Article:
The Chocolate Room
The Chocolate Room is where Thomas Tosier, chocolate maker to George I (1714 – 1727) and George II (1727 – 1760), made the final touches to the King’s chocolate drink. The room was used to store the valuable serving equipment such as gold and silver Chocolate pots and the Chocolate drinking porcelain sets.
The Chocolate Kitchens were built by Christopher Wren in 1690 as part of William III’s and Queen Mary II’s rebuilding of Hampton Court Palace. Chocolate was relatively new in England and its inclusion in the new part of the palace demonstrated the modernity of William’s and Mary’s court.
Chocolate was an expensive luxury and in addition, it was also laced with exotic spices. The area around the Fountain Court was filled with kitchens and rooms for preparing and serving the most exceptional food. There was also a Confectionary for making sweets and a Spicery where precious spices were stored and prepared.
Thomas Tosier was responsible for making and taking a cup of chocolate to George I in his bedchamber every morning. The King’s chocolate maker also had his own bedroom in the Court, which was a luxury and an honour for a servant at court.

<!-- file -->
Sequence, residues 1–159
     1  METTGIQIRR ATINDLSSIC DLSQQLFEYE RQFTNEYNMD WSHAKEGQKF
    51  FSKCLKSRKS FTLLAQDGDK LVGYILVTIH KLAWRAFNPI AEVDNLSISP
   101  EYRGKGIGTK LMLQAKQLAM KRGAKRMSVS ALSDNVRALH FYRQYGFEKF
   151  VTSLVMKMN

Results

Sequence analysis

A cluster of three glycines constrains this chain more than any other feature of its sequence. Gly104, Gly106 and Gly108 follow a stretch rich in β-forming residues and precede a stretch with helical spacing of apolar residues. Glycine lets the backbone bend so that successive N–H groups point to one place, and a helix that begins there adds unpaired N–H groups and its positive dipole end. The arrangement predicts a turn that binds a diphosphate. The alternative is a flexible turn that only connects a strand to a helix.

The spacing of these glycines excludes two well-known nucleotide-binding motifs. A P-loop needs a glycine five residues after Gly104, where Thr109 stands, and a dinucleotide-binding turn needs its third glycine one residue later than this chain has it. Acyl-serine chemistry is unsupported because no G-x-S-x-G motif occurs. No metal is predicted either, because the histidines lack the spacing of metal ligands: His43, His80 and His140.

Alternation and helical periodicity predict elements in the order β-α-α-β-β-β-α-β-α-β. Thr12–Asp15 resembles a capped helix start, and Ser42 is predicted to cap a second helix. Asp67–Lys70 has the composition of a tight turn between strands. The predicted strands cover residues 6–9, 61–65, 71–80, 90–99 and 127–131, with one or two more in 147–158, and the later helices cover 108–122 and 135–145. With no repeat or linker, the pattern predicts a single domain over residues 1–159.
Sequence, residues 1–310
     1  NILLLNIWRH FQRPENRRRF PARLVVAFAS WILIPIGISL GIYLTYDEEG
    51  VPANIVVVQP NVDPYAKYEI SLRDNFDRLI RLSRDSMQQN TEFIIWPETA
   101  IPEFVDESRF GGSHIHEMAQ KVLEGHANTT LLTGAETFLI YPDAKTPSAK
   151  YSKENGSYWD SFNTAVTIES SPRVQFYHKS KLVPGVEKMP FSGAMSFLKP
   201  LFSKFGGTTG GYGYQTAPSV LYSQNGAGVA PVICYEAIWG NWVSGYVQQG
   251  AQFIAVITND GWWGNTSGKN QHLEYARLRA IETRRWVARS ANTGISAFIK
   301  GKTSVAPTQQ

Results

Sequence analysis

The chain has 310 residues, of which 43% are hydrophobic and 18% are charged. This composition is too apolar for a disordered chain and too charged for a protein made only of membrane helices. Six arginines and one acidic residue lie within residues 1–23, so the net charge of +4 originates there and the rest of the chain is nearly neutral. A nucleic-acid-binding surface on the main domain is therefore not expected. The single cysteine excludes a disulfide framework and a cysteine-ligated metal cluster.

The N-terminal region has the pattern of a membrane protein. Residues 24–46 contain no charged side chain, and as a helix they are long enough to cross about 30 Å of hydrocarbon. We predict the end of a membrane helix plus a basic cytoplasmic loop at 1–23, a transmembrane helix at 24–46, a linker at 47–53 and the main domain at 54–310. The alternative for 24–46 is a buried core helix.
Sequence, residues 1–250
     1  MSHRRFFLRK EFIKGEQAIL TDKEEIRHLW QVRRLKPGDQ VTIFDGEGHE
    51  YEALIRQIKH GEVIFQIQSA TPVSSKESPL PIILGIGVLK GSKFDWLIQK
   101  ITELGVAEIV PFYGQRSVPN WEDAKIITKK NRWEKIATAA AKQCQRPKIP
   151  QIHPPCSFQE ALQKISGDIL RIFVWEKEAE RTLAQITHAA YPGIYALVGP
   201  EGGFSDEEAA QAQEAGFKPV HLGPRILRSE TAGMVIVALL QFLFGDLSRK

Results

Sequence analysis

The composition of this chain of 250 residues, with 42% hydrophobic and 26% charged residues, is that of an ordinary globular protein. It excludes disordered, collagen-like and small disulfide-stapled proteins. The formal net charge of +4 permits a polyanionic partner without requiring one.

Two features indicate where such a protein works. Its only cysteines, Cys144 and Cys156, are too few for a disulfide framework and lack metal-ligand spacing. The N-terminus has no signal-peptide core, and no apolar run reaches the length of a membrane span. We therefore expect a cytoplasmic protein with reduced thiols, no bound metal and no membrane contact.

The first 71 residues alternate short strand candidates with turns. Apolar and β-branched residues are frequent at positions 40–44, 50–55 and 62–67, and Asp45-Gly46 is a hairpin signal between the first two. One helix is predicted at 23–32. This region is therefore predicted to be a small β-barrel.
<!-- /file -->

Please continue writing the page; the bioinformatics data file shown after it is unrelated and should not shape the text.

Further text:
Thomas Tosier wasn’t only the King’s chocolate maker, he also owned a chocolate house on Chocolate Row in Greenwich, which was managed by his celebrity wife, Grace Tosier. In the 1700’s chocolate drinking houses were popular with the upper classes and were identified as venues for luxury, sophistication and good company.
Explore Hampton Court Palace
- Henry VIII’s Great Hall
- King’s Beasts
- Henry VIII’s Kitchens
- Henry VIII’s Wine Cellar
- Hampton Court Palace, Tradesman’s Entrance
- Hampton Court Astronomical Clock
- The Fountain Court
- Christopher Wren’s South Front
- The Chocolate Room
The Chocolate Room
- Name: The Chocolate Room
- Dates: 1700’s
- Historic Site: Hampton Court Palace
“It was the best of times, it was the worst of times.”
– Charles Dickens
Photo Credit: JOM>